• Witnesses seasons 1 and 2 are streaming now on SBS On Demand (SBS)Source: SBS
The new season’s set-up is too irresistible to ignore.
Jeremy Cassar

23 May 2017 - 4:11 PM  UPDATED 26 May 2017 - 11:04 AM

These days, any time a new murder mystery series devotes an entire season to a single small-town police investigation, it swiftly earns the label of Scandi-noir (or Nordic-noir or Euro-noir or, um, Earth-noir?). In the case of Witnesses (Les Témoins), it's French-noir. The crime series also received the nickname "the French Broadchurch" – perhaps because both shows are set by the seaside and a female/male duo investigate a crime.

However you label it, Witnesses certainly includes all the components we've come to expect from a series of this type, without feeling clichéd. Season two, which commences on SBS tonight and is already available to view at SBS On Demand, promises another complex crime to freak out over. But first, a refresher on season one...


A set up full of horrors

From its opening scene, Witnesses established itself as a show that refuses to shy away from the gruesome. Quickly introducing us to the ingenious "show house murders" in all their disturbed glory, it was clear this wasn’t going to be another sullen missing child murder mystery. 

The show house murders (whether actual murder is involved is another story) worked as follows – three bodies, recently turned cold, were exhumed from three different cemeteries and brought into a show house, then arranged into a familial motif for the authorities to discover.

We enter the story during the discovery of a second such trio of staged corpses and learn a framed photo of Paul Maisonneuve (Thierry Lhermitte), the former chief-of-police, has been left on the scene. A haunted man who left the force due to a horrific car accident (which may have been an attempted suicide), Paul also happens to be the one-time mentor of our brilliant protagonist: detective Sandra Winckler (Marie Dompnier).


Our brilliant protagonist is back

Sandra is an intuitive and perceptive detective who is holding onto her own cryptic ghosts, but can still relax enough to do a solid impression of a rabbit to make her co-detective laugh. She’s moody without being morose and hard-working without constantly reminding the world of that fact.

The more Sandra investigates the show house corpses, the more she realises the need to investigate her former mentor’s history. Thanks to Paul rejoining the force, that becomes a season-long dance. Their history is problematic – he wasn’t exactly a stand-up individual and she mysteriously walked out on his mentorship prior to graduation. As you’d expect, Paul knows a lot more than he’s letting on.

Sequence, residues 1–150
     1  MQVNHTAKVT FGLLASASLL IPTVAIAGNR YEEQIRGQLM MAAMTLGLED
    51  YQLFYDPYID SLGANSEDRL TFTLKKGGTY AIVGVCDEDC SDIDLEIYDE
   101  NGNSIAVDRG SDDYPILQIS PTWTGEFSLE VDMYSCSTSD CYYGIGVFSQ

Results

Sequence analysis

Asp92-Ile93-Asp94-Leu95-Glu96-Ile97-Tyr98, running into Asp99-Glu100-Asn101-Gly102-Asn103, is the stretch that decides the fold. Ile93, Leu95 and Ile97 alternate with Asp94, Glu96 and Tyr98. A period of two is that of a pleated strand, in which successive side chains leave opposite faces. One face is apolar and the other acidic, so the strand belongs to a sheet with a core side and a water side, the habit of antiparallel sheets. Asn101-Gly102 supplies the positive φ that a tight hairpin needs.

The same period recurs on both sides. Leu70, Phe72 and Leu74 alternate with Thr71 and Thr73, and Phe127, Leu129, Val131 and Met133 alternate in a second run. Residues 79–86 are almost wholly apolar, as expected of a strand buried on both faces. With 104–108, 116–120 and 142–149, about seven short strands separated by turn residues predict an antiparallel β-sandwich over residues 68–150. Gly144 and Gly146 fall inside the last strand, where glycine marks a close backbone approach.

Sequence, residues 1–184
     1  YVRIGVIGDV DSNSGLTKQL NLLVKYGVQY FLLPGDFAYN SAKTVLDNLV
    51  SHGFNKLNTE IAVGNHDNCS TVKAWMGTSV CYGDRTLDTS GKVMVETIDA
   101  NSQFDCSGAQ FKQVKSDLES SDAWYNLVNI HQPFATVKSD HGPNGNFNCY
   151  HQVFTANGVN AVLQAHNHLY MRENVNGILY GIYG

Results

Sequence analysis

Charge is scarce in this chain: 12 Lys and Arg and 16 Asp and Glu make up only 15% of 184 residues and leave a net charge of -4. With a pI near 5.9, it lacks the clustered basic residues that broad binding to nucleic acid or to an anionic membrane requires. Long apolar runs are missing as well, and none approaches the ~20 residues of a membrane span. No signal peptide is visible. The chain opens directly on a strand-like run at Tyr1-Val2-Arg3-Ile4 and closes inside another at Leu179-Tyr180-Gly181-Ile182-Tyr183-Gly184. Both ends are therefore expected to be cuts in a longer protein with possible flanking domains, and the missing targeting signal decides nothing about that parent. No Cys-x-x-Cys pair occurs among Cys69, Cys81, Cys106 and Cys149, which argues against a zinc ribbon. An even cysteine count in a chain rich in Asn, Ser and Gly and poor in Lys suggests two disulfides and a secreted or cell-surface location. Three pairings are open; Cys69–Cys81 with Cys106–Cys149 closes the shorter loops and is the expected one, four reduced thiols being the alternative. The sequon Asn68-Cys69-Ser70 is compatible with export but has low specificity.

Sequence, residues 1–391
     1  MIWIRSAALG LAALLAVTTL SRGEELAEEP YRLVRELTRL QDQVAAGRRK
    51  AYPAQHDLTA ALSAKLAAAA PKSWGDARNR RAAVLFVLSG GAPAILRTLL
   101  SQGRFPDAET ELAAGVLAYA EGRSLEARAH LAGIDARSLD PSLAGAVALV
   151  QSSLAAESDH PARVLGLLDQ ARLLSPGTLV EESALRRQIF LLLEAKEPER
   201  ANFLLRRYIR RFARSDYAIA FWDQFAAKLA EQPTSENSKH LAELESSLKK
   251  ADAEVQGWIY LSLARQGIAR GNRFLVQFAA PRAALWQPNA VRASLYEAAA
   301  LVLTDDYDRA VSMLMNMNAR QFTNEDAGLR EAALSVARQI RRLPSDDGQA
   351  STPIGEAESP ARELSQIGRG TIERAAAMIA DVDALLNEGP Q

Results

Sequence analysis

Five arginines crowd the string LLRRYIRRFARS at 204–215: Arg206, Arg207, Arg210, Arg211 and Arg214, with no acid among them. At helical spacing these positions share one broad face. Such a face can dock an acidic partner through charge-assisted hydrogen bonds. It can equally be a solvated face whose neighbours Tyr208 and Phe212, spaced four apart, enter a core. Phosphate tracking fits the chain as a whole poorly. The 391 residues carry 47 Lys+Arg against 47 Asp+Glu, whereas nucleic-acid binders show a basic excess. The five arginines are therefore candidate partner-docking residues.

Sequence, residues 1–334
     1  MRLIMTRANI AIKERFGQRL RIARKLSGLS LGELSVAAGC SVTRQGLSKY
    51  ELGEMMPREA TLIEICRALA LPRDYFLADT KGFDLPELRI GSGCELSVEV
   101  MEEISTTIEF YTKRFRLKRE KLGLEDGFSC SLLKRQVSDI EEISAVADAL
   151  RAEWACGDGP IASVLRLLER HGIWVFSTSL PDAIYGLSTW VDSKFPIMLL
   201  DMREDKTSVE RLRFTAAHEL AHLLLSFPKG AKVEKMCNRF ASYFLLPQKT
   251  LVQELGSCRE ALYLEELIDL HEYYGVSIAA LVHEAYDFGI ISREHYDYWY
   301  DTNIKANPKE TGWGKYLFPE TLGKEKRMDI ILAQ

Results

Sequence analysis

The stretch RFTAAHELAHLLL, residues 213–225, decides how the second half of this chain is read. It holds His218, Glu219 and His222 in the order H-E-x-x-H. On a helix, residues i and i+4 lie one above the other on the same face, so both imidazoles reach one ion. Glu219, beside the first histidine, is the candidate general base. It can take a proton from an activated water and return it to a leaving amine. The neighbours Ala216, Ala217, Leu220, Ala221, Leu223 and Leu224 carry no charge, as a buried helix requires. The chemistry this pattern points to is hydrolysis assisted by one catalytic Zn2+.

And after six episodes of whiplash...

It's definitely worth checking out season one of this massive maze of a series before diving into season two. Like any great murder mystery, you’re thrown at every turn. And, due to the operatic nature of the crimes (and shorter episode order), the elaborate twists, reveals and red-herrings are way easier to stomach than in anything like the US version of The Killing.   

I’m not even going to try and boil down the entire season into a spoiler-free summary, so without giving away specifics, you get to encounter corpses, tense interrogations, dodgy realtors, burned-out prisons, cemetery gunfights, more corpses, significant lipstick, gorgeous topographic cinematography, blackmail, Lady Gaga fandom, rampant chauvinism, an infidelity subplot, even more corpses and the most memorable wolf since Michael J Fox in Teen Wolf.  


... We're ready for season two’s new case

Fifteen men turn up dead, frozen inside a bus. The thing that binds them is they’ve all been intimate with the same woman, an insomniac named Catherine Keemer (Spiral’s Audrey Fleurot). Sandra returns as the lead detective, and she and Catherine form a necessary bond in order to fight a common evil.


Witnesses season 2 airs Tuesday nights at 10:30pm on SBS. Both seasons 1 and 2 are available to stream on SBS On Demand.

Watch the first episode of season 2 right here:

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